SCREENSHOT 3. A fixed voltage regulator would work well here. Again, I have provided
a tinker knob for those of you that live to tinker.
any power resistor type that is composed
of a piece of resistive wire wound in a
spiral inside of its package. I chose the
Vishay/Dale WSL2512 series. These
resistors are rated for one watt and have
a tolerance of 1%. I did not experience
any noticeable heating of the WSL2512
sense resistors and the L6208PD
datasheet calls out one watt resistors.
However, if you choose to, you can put a
two watt resistor in the R9 and R10 seats.
If you go with the two watt
resistor (WSL2816), you’ll need to
rework the PCB’s H-bridge sense
resistor pads to fit the slightly larger
SMT package. (The Digi-Key part
number of the one watt WSL2512
resistors I used is WSLG-.20CT-ND.)
A pair of 1N4148 switching diodes
can be used in place of the integrated
diode pair labeled as D1. In addition to
being more compact, the single SOT-323
diode package used here is easier to handle. The BAT46SW device is a pair of
back-to-back diodes that are rated
individually with a breakdown voltage of
100V and a maximum forward current of
150 mA. Recall from our discussion last
month that D1, C1, R1, and C9 make up
a charge pump that drives the high side
MOSFETs of the L6208PD’s H-bridges.
The L6208PD charge pump will
provide a voltage to the H-bridge
MOSFET gates that is about 10 volts
higher than the incoming bulk voltage.
Even at the maximum bulk input
52 SERVO 03.2008
voltage of 52 volts, the 100V rating on
the charge pump capacitors is more
than adequate for any application.
Resistors R3, R4, and capacitor C5
form a combination voltage divider/low-pass filter for input VREFA. Capacitor C6,
along with resistors R5 and R6, perform
the same function for the L6208PD’s
VREFB input. The output current of the
H-bridge pair is directly affected by the
voltages at the VREFA and VREFB inputs.
So, with our setup we can provide a
steady state DC voltage to the VREF
inputs or use a PWM or pair of PWMs to
supply the current reference voltages.
The L6208PD’s H-bridges can be
disabled by applying a logical low level
to the R2-C4 RC pair. Recall that the RC
time constant provided by R2 and C4
provides a recovery off-time in the
event of an overcurrent condition.
While we have off-time on our
minds, the RC pairs of R7-C7 and R8-C8
determine the off-time of the PWM
current controller monostable. There’s
no science behind the inclusion of the
R7 and R8 resistors as potentiometers.
I placed 100K potentiometers in the R7
and R8 positions to allow for easy
tinkering. I found that I could play a
part in controlling the motor current
and thus its operation by adjusting the
off-time of the PWM current controller
monostable using a screwdriver.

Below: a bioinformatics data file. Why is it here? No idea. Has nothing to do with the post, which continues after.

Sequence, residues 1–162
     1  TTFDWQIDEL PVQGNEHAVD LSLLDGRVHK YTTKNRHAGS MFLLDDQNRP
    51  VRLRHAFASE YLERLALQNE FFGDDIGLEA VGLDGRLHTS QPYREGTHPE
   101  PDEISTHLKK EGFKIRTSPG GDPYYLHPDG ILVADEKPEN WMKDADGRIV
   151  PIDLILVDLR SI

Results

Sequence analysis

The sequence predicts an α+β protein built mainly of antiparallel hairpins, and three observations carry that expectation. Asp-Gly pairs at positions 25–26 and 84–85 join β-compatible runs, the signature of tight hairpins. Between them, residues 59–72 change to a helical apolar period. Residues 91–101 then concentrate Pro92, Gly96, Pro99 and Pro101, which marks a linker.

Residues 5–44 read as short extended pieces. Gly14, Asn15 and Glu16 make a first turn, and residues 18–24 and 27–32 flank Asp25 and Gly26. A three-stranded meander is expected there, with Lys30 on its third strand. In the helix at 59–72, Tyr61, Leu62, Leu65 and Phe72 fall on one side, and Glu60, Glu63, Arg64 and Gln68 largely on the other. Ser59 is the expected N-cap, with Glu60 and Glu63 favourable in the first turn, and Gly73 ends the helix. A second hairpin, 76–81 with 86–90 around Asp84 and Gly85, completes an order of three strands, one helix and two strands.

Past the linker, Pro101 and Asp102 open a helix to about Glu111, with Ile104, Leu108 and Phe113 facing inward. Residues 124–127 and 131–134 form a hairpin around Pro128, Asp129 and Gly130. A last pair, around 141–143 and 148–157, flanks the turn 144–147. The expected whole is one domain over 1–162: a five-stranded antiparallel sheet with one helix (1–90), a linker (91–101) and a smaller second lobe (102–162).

With the layout for the L6208PD and
its band of brothers down on fiberglass,
let’s turn our attention to planting some
pads for the PIC. Obviously, applying the
maximum VSD voltage to the PIC VDD
pin will allow the Microchip magic smoke
to escape. So, we’ll need to design in a
voltage regulator system that can
withstand the 24 VDC maximum bulk
voltage at its input and provide + 5. 12
VDC to the VDD pin of our PIC18F2620.
Since there are no fixed linear
voltage regulators that will produce
exactly + 5. 12 VDC at their outputs,
we’ll resort to designing in a variable
voltage regulator. I have chosen
the low-dropout first cousin of the
venerable LM317, the LM1084-ADJ.
If you’re wondering why I say we
need to have + 5. 12 VDC on the
PIC18F2620’s VDD pin, the answer is
“analog-to-digital converter.” We won’t
be employing the services of the
PIC18F2620’s 10-bit analog-to-digital
converter subsystem in this project.
However, there is a possibility that you
may want to use the PIC18F2620’s A-to-D converter in your L6208PD project.
We’re using the LM1084-ADJ because it
regulates effectively with input/output
voltage differentials of up to 29V. Sure,
we could have used the fixed LM1084-
5.0 to give us a nominal + 5 VDC for the
PIC as it has a 25V input/output voltage
differential. However, saving that pair of
sub-penny resistors is a solution I
refused in favor of a more accurate A-to-D converter reference voltage.
Using the PIC18F2620’s VDD input
voltage as the A-to-D converter
reference voltage yields a 5 mV per
step resolution on your A-to-D converter
readings when VDD is equal to + 5. 12
volts. Regardless of which LM1084
logic power supply solution you choose
to use in your project, you can’t exceed
35V at the VSD input with our LM1084
power supply design. If you exceed 30V
at the VSD input with the LM1084-5.0
or 35V at the VSD input with the
LM1084-ADJ, you’ll have to supply the
+ 5 VDC logic power in another way.
What you see on the fiberglass in
Screenshot 3 and in the power supply
section of the L6208PD Motor Driver
Board schematic works well for this particular spin of the L6208PD electronics.
Schematic 1 shows a “variable”
value for the voltage adjust resistor R11.